Nida Gonul

With a Twist

Nida Gonul is a MA Footwear graduated. After her studies in San Mauro Pascoli, she worked with a design studio in Italy and a hand-made atelier in Turkey, both experiences gave her the ability to focus on the appeal of the final product for the final audience throughout all processes.  Her recent collaboration with  Stella McCartney as finalist of Kering Award, has given Nida the opportunity to explore and create new applications of leather alternatives for footwear production. She has expanded her understanding of sustainability. Now she looks deeper into origins and current uses of materials, processes and how they can be imagined and utilized in new ways.

With A Twist’ focuses on reimagining contemporary luxury footwear construction and components through employing ‘Zembil’, a basketry technique from Turkey for making as well as sustainable, innovative materials such as the bacteria spun tissue cellulose, Kombucha leather  and %100 Bio-degradable man-made leather from Turkey, as well as recycled bicycle inner tubes to create the collection.

Each shoe is a single unit construction, made with a continuous weave wrapped on one continuous base, combining the upper and the sole together in one unit. The method was chosen to explore how transfer of heritage methods from one field to another can innovate and contribute to footwear design.

What means sustainable fashion for you? and how is a sustainable shoe created?

The concept is multi faceted to say the least, and there are so many factors from workplace conditions to environmentally friendly processes to animal welfare. One of  issues that I have looked into specifically was finding materials that do not compromise on appeal and ease of working but are also environmentally and animal friendly in terms of their production methods and afterlife. Our little objects of desire have so many components going into them- and so much room for progress in many .

As part of my MA collection, I tried to rethink each part and the way  it was coming together with others that I possibly could, to introduce an alternative method. I came across basketry in an off-hand way during a random search for materials and ways ‘making’ things. It was not something that I had in mind at the outset, but when I started working with it, I saw that it was actually working.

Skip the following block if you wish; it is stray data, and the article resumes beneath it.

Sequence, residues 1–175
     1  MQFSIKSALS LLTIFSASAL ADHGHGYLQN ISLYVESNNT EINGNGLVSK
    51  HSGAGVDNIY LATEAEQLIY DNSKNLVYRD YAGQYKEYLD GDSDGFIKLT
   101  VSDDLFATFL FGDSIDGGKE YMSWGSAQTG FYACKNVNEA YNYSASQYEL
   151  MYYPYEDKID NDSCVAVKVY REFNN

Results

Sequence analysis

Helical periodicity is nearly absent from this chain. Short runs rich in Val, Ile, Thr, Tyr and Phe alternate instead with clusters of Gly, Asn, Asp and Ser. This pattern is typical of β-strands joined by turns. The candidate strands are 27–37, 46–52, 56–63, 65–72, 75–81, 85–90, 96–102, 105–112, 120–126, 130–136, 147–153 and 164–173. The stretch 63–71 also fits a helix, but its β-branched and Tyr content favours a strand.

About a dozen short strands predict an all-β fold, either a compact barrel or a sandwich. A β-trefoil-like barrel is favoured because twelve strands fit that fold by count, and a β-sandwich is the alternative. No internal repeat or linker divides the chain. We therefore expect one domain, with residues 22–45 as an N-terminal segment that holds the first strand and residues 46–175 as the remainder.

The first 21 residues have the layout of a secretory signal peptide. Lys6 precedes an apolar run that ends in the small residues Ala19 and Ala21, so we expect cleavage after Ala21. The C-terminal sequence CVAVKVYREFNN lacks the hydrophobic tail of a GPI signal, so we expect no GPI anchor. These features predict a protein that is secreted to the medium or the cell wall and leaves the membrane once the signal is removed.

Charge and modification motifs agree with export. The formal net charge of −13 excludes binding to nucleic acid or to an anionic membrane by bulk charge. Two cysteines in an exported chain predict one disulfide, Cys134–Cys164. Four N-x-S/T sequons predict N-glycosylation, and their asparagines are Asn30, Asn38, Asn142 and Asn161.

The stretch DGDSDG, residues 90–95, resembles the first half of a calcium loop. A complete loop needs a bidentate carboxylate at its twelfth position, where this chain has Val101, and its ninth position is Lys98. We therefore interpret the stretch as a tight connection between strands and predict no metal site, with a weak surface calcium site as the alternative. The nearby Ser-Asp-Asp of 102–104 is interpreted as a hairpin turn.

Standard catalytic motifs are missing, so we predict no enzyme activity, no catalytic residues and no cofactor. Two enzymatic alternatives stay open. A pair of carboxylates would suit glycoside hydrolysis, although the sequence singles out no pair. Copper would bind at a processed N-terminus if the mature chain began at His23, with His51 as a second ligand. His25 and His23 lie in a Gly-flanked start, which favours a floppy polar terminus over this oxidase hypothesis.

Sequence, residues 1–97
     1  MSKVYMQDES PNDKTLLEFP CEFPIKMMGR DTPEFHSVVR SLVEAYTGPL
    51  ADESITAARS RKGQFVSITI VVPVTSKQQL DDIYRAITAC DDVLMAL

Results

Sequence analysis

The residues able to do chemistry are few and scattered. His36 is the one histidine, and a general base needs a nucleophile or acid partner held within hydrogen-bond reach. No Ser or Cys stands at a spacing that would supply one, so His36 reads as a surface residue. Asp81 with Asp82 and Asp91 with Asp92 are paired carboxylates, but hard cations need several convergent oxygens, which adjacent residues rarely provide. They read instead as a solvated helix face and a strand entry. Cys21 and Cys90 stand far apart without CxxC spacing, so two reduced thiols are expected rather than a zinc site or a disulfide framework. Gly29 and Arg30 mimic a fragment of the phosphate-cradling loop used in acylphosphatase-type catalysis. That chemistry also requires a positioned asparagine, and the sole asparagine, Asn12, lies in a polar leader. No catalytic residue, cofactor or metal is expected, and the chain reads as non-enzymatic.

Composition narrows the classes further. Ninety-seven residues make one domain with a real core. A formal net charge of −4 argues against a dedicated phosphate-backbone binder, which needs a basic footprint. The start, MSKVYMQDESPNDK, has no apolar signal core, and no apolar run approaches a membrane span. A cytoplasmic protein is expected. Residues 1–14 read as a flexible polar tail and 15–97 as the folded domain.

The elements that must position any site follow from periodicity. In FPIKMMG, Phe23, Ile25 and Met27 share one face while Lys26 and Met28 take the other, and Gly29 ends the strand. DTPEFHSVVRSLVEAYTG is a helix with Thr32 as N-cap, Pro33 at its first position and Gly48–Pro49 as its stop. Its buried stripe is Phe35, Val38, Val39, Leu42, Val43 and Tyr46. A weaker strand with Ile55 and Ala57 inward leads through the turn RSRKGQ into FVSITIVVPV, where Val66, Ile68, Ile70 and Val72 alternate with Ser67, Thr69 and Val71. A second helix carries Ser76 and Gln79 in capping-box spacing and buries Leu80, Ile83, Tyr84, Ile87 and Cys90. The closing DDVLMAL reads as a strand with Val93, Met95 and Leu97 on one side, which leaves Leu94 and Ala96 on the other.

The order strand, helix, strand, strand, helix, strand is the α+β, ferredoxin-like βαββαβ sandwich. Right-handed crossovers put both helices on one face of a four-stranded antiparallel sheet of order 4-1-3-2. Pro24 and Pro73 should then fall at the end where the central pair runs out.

– How did arises your interest to the craft and traditional work?

As I mentioned, I came across Zembil completely randomly. I was actually looking at plant fibres, among them cornhusk, a residue from farming. It was during this research that I came across a short video featuring a local artisan, Nuran Güngör. There was a very brief close up of her working, and while watching it, I realized this was something that could very well transfer into footwear. I had to completely self teach based on that short sequence, which was a struggle initially. It was very diffferent from pattern cutting or doing mock-ups, and I had no background in weaving to speak of. When I finally mastered the weaving technique, I started to really enjoy the theraupatic quality to it, and the fact that I could work almost anywhere, anytime – this meant I was not bound by the access hours to a workshop.

– What is the essence of traditional Turkish basket weaving?

There are many methods from different regions, using a vast spectrum of materials. The one that I worked  with is called Zembil and it originates from Bafra, a town in North of Turkey. As per my interview with local artisan Nuran Güngör, it is dated back to some 250 years ago. The process they use to make the baskets is very sustainable, every component is grown naturally, or is a side product of the farming industry. I actually started to occasionally weave for recreation after completing my collection- maybe it was addictive afterall.